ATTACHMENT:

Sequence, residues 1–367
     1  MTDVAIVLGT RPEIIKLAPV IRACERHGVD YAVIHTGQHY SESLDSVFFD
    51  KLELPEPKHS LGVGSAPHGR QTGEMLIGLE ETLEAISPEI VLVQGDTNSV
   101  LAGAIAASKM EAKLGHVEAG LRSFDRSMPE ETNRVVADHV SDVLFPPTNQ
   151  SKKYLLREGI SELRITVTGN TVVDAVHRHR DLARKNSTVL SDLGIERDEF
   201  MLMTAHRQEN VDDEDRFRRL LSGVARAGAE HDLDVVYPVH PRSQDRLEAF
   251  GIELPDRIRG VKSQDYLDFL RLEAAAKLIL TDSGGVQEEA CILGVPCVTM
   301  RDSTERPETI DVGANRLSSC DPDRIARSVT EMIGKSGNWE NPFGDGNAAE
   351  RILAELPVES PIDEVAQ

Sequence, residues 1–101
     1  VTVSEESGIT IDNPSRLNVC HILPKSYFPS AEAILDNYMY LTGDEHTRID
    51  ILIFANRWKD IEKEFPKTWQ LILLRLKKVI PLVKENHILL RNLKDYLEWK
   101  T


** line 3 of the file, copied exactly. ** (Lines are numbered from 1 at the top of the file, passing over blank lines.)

    51  KLELPEPKHS LGVGSAPHGR QTGEMLIGLE ETLEAISPEI VLVQGDTNSV